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June 23rd toxic tour gathering

Posted by ccjn on June 6, 2010

Call for Environmental Justice! Join the Toxic Tour of Toronto!


On June 23rd, environmental justice organizers will be guiding a tour through Toronto to expose institutions most responsible for the environmental and social impacts of Canada’s extractive industries both at home and abroad. Canada is home to 75% of the world’s mining and exploration companies, making it a global leader in this industry. Canada’s place within the G8 nations is largely due to the exploitation of Indigenous peoples, their lands and rural poor for mining, tar sands and oil/gas exploitation.

As residents of Canada, we will not standby while the Canadian government, banks, and corporations continue to destroy people’s livelihoods and ecosystems to secure wealth accumulation for a select few.

We encourage folks coming to dress up and challenge those in power with costumes, floats and fancied up bicycles. We will be working on several floats in lead up but encourage all to dress up for our action.

Ideas for costumes: Executives with blood on their hands, corporate zombies, people covered in Tar Sands bitumen,. etc. (fake blood and bitumen will be provided)


Please join us at 11 am on June 23 at Alexandra Park.

For more information or to endorse the event, please contact:

Facebook event:


The toxic tour will focus on four themes:

1. The extractive industry is violating human rights and the rights of mother earth. The federal government supports these companies even as human rights workers are killed, local peoples poisoned, and entire communities displaced. From the tar sands in northern Alberta to gold mines in Papua New Guinea to copper mines in the Democratic Republic of Congo, Canadian companies are exploiting indigenous and poor communities alike, violating their right to self-determination, poisoning their lands, manipulating any leadership that they can access, and often supporting brutal military and security operations.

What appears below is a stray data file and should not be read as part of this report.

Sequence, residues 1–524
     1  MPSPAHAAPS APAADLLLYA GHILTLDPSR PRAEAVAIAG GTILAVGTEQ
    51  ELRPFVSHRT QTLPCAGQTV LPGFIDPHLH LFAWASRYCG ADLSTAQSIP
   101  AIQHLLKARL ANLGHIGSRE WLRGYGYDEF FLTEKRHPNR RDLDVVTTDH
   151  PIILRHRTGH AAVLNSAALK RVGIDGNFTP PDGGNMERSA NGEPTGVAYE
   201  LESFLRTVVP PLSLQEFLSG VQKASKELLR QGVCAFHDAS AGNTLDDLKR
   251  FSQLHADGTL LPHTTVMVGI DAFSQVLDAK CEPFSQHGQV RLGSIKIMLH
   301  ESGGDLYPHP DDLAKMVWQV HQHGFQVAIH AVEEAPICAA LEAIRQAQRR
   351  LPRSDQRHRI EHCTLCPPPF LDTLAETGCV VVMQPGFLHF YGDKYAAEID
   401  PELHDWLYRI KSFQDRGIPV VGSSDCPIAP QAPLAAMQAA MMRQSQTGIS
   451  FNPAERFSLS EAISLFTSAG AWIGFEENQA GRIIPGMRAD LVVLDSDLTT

2. The extractive industry is exacerbating the climate crisis. The tar sands gigaproject is the most destructive industrial project on earth and will be the leading contributor to climate change in Canada, making it impossible for our country to meet its international climate commitments. The climate crisis has been caused by the industrialization of developed countries like Canada, while disproportionately affecting indigenous peoples and the global south who are faced with sea-level rise, drought, permafrost melt, desertification, melting glaciers, and increased extreme weather events. These and other problems brought on by the climate crisis have destroyed the livelihoods of millions who are dying and being displaced from their homes.

3. The education system is taken over by corporate interests. The University of Toronto, Canada´s largest academic institution, is taken over by corporations, many of which are linked to the extractive industry. This corporate influence stifles open, honest, and critical debate in our institutions of higher learning and demonstrates how a wealthy few can dominate and shape the way people think. As an academic institution that strives to create the ‘leaders of tomorrow,’ we must challenge the notion that corporate greed and exploitation has any place in our education system.

4. The Canadian economy is dependent on exploiting marginalized peoples and the environment. Harper would not be at the G8 if it wasn’t for exploiting the resources and people of countries that the G8 is purposely shutting out of discussions. Solutions, however, are there—but the Harper government refuses to give people the ability to determine the future of their own lives and livelihoods.


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